3. Jennifer Rosales '98, Southern Cal
A Rosie Jones-type battler, only longer, she left school early,
and her inexperience shows. She excels in distance (15th) but
fails in putting (107th). Loads of talent.
4. Charlotta Sorenstam '93, Texas
She won for the first time last year, yet suffers in comparison
with her sister. (Who doesn't?) Her swing is similar to
Annika's, but her intensity and drive are not even close.
5. Marisa Baena '96, Arizona
Only 23, she used to be compared--unfairly--to Tiger Woods. Lots
of potential and power. She recently changed to coach Mike
Lebouve, and her athletic swing looks better than ever.
6. Vicki Goetze-Ackerman '92, Georgia
She had only eight top 10s in her first seven seasons, and
although she has had five this year, she'll never be a star. A
phenomenal putter who hits seven- and nine-woods as well as some
players hit wedges, she's still short, averaging only 211 yards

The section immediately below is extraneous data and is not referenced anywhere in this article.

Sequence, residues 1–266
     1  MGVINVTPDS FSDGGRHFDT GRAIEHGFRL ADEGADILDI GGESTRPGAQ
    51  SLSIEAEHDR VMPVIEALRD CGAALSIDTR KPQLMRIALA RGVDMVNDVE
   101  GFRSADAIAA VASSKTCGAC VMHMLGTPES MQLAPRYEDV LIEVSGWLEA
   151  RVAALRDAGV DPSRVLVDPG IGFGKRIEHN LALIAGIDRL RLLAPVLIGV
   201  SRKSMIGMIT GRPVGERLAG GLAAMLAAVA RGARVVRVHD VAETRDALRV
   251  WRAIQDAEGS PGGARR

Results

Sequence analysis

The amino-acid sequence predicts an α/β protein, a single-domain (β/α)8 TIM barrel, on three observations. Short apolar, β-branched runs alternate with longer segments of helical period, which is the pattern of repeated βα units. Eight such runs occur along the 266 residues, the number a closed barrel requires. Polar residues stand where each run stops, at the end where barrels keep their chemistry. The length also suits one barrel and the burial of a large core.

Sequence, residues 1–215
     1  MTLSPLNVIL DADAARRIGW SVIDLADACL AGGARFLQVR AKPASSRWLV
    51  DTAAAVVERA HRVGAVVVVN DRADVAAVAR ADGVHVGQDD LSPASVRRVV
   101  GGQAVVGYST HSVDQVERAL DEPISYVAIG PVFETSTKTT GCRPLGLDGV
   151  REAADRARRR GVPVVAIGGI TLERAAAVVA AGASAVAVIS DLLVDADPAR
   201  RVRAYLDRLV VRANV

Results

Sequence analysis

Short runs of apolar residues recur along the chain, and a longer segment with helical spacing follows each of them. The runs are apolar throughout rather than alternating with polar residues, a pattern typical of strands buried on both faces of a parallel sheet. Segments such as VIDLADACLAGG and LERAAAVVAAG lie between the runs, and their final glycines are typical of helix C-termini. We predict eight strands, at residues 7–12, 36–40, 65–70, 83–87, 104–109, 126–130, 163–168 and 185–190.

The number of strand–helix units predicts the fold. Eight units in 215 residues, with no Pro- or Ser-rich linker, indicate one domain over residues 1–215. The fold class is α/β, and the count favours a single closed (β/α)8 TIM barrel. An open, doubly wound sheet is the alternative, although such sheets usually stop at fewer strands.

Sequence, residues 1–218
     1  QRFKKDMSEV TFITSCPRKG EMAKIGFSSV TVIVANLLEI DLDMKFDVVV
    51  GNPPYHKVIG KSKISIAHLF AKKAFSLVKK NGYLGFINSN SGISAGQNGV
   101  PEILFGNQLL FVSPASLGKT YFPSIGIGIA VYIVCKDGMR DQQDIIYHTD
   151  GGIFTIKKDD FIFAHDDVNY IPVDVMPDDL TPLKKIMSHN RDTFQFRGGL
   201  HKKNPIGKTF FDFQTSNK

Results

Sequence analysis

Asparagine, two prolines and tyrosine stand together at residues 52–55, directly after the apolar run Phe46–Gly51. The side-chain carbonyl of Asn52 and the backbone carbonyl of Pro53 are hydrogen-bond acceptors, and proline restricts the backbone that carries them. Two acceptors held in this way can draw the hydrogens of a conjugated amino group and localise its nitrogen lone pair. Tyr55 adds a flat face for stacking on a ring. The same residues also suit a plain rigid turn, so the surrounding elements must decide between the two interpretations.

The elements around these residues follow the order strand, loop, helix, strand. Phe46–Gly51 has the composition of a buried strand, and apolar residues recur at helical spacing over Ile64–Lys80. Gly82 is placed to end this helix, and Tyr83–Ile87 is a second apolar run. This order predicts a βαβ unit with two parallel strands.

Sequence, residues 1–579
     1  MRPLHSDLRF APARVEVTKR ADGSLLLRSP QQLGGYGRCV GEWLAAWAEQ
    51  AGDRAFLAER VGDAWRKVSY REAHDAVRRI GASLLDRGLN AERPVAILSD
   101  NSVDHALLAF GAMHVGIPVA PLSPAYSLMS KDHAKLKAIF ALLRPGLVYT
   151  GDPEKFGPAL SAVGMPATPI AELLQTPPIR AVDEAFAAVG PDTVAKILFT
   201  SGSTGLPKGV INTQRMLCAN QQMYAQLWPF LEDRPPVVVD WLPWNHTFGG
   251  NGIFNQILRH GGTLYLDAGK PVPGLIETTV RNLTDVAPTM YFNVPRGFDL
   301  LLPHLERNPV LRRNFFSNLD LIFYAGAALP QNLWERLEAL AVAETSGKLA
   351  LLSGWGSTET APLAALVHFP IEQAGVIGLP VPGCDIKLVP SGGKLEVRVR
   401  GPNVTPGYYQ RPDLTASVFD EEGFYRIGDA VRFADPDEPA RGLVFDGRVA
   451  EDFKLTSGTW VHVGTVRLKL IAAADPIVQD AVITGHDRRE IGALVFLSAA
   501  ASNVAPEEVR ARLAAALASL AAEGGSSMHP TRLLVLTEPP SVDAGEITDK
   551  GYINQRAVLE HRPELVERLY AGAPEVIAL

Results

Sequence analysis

off the tee.
7. Grace Park '99, Arizona State
She took her second career victory this year but hasn't
dominated the way many insiders expected. Some question her
heart. She probably hits more tee shots out-of-bounds than any
other good player.
8. Jenna Daniels '00, Arizona
A nonexempt player, she has tons of potential, but her short
game lacks polish and now, frustrated, she's wondering if she
should've become a schoolteacher. Give her some time.
9. Kristel Mourgue D'Algue '95, Arizona State
A native of France whose mother, Cecilia, was a top amateur, she
failed to earn an LPGA card and joined the European tour in '96.
She quit after two years and now lives in Paris with her husband
and their six-month-old daughter, Eva.